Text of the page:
For many cameras, data on sensor performance has been reported by DXO Mark. This service determines an overall sensor rating, as well as sub-scores for low-light sensitivity ("DXO Sports"), dynamic range ("DXO Landscape"), and color depth ("DXO Portrait"). The following table provides an overview of the physical sensor characteristics, as well as the sensor quality measurements for a selection of comparators.

Sensor Characteristics
  Camera
Model
Sensor
Class
Resolution
(MP)
Horiz.
Pixels
Vert.
Pixels
Video
Format
DXO
Portrait
DXO
Landscape
DXO
Sports
DXO
Overall
Camera
Model
 
Canon G7 X Mark II 1-inch 20.0 5472 36481080/60p........Canon G7 X Mark II
 
Pentax 645Z Medium Format 51.1 8256 61921080/60i26.014.74505101Pentax 645Z
 
Canon G7 X Mark III 1-inch 20.0 5472 36484K/30p........Canon G7 X Mark III
 
Canon 5DS Full Frame 50.3 8688 57921080/30p24.712.4238187Canon 5DS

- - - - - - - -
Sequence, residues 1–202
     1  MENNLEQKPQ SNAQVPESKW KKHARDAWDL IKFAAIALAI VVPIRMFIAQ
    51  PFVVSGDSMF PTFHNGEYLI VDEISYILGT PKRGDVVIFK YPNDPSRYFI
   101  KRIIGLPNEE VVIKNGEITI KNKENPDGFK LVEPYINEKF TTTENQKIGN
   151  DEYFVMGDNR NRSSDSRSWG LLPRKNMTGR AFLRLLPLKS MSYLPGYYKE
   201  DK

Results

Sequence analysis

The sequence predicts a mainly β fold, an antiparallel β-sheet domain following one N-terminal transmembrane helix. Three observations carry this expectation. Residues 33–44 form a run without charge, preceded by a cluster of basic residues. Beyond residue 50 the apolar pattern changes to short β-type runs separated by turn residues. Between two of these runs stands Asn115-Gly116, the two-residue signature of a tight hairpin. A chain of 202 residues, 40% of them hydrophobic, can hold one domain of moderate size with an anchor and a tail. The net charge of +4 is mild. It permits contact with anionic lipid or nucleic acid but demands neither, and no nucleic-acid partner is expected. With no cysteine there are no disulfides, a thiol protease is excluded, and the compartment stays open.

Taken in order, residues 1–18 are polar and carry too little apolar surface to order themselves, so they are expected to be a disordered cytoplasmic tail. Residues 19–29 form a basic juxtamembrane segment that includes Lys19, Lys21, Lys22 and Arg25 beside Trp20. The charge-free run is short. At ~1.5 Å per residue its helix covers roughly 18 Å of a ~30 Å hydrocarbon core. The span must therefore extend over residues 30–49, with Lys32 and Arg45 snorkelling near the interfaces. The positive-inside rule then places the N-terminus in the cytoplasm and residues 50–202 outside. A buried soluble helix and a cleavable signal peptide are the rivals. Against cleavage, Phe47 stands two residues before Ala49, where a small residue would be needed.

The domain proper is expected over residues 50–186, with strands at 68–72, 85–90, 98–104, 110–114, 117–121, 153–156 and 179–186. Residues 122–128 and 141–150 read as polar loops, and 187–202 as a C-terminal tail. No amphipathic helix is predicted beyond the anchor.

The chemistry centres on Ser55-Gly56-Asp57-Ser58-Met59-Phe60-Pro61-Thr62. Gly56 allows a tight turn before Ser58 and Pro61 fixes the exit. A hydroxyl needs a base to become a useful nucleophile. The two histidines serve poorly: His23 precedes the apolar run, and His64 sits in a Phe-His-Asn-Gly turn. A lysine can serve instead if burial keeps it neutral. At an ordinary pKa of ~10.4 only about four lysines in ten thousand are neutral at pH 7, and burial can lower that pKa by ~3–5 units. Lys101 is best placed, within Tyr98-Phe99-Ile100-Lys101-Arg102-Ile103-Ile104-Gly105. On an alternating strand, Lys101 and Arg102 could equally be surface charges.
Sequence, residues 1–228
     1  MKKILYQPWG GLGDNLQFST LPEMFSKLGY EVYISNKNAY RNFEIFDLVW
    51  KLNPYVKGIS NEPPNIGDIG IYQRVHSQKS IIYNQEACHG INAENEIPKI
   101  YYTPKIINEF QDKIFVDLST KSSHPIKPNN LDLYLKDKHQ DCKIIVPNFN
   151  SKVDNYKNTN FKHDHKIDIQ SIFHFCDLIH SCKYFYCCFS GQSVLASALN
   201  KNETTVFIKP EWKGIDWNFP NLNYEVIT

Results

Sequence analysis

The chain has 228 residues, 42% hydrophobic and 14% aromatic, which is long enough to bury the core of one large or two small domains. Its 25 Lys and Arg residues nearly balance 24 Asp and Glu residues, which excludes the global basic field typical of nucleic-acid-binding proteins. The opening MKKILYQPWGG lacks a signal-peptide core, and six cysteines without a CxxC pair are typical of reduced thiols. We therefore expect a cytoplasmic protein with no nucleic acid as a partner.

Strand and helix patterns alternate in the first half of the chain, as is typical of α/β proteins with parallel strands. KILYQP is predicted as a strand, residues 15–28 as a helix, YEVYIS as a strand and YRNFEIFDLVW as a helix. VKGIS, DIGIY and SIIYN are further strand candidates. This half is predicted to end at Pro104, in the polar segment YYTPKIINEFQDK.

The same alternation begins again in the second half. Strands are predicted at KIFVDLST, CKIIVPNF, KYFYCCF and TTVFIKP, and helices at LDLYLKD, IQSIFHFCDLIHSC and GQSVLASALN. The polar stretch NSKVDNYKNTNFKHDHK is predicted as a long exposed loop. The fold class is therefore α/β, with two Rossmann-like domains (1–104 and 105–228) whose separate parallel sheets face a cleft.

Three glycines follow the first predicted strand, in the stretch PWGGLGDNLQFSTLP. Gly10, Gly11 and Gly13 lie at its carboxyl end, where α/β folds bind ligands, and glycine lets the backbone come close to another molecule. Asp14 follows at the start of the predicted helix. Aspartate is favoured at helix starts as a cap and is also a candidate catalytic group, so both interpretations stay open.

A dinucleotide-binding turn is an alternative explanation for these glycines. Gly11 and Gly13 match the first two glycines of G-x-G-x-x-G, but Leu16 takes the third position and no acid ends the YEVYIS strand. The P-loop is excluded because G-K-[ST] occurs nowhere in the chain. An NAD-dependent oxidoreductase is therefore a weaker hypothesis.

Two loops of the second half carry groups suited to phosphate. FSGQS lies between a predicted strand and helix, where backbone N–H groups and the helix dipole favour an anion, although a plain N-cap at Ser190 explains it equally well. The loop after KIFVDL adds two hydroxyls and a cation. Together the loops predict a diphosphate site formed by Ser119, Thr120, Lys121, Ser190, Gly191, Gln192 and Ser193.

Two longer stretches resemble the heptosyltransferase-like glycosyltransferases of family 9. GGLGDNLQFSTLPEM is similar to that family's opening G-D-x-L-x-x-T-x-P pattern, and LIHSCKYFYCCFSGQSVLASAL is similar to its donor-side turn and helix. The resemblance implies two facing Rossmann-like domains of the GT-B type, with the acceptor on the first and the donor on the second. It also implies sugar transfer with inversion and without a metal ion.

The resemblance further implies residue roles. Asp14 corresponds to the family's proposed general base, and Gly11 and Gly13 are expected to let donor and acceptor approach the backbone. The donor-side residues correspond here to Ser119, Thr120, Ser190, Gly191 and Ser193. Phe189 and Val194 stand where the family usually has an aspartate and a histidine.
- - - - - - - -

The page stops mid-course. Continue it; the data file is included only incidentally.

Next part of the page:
Canon 5DS R Full Frame 50.3 8688 57921080/30p24.612.4230886Canon 5DS R
 
Canon G5 X 1-inch 20.0 5472 36481080/60p........Canon G5 X
 
Canon G9 X 1-inch 20.0 5472 36481080/60p21.512.349563Canon G9 X
 
Canon M3 APS-C 24.0 6000 40001080/30p22.811.8116972Canon M3
 
Canon G7 X 1-inch 20.0 5472 36481080/60p23.012.755671Canon G7 X
 
Hasselblad X1D Medium Format 51.3 8272 62001080/25p26.214.84489102Hasselblad X1D
 
Leica SL Full Frame 24.0 6000 40004K/30p25.013.4182188Leica SL
 
Panasonic LX10 1-inch 20.0 5472 36484K/30p........Panasonic LX10
 
Pentax 645D Medium Format 39.5 7264 5440none24.612.6126282Pentax 645D
 
Sony RX100 V 1-inch 20.0 5472 36484K/30p22.812.458670Sony RX100 V
 
Sony RX100 IV 1-inch 20.0 5472 36484K/30p22.812.659170Sony RX100 IV
 
Sony RX100 III 1-inch 20.0 5472 36481080/60p22.412.349567Sony RX100 III
 
Sony RX100 II 1-inch 20.0 5472 36481080/60p22.512.448367Sony RX100 II

Many modern cameras cannot only take still pictures, but also record videos. Both cameras under consideration are equipped with sensors that have a sufficiently high read-out speed for moving images, but the G7X Mark II provides a higher frame rate than the 645Z. It can shoot video footage at 1080/60p, while the Pentax is limited to 1080/60i.